Diwali, the Hindu festival of light, is November 6-10 (interested in praying during this festival? Click here for a free guide!). Indian neuroscientist Sai Anand communicates about God’s ingenius design of the human body, using it to share the Gospel. He’s written a fascinating article about his time as a Hindu, and how to share Jesus with the Hindustan population.
Six relevant things that saint paul never said
Nicholas Davis presents six hilarious, yet oh-so-true verses that “vamp” on Scripture. Or at least what we wish it would say. A snippet:
Finally, brothers, whatever is true for you, whatever is popular, whatever is trending, whatever is pleasurable, whenever you think you’re falling in love, whatever really famous people say, and if it’s something that will give you a higher status, think about such things and say them publicly on Facebook—like, all the time.
Because many global workers will focus on poverty development, Kevin Deane’s article on “A Gospel for the Homeless” has some thoughts germane and timeless for work overseas, too. Like this:
I’ve discovered that ‘homeless people,’ – just like ‘immigrants’ and ‘First Nations’ – are often mistakenly talked about as one big organic unit. As though they all think and act the same. Before you start anything, get to know who you are reaching.
Jerry Jones over at A Life Overseas (we recommend you subscribe! Great stuff) writes these particularly for all of you: those packing it up to go there, serve Him, and love them. Don’t miss his myth-busting remarks about real life abroad.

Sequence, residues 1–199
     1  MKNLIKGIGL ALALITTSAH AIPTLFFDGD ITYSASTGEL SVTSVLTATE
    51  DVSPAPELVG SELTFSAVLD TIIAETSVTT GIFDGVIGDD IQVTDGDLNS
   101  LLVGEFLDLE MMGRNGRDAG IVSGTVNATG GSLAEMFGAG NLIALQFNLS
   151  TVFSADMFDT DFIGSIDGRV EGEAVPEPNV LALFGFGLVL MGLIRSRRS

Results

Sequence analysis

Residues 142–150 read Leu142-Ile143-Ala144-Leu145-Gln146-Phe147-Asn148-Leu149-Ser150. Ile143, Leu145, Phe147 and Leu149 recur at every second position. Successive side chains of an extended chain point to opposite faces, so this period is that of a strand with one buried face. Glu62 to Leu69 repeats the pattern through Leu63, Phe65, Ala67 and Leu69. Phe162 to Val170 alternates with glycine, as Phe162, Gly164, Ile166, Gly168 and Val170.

We’re stoked to welcome Laurence Knoop, formerly of the British armed forces and now a construction manager in East Africa with Engineering Ministries International (EMI). Working mostly in Uganda, Laurence not only builds buildings but develops the men and women on his construction site, who are regularly discipled (don’t miss this video about EMI’s incredible program). Among his many projects, Laurence has helped construct the secondary school campus of Katie Davis Majors’ Amazima ministries, of Kisses from Katie fame. He and his wife Jane just welcomed their first son. You can catch their engaging stories on Instagram (@laurence.p.k) or their blog.
I recently came across two opinion pieces – one old, one new – both written by atheists and both promoting the value of churches and religious organisations in international development.
Matthew Parris – columnist for The Times and “a confirmed atheist” – is convinced “Africa needs God,” and that Christian evangelism makes an “enormous contribution” to tackling poverty in developing countries. Duncan Green – strategic adviser for Oxfam and “a lifelong atheist” – asks “are grassroots faith organizations better at advocacy/making change happen?” and, after reviewing Tearfund’s report on their faith-based advocacy partnership with the Pentecostal Assemblies of God in Uganda, concludes that it is “powerful and convincing stuff.”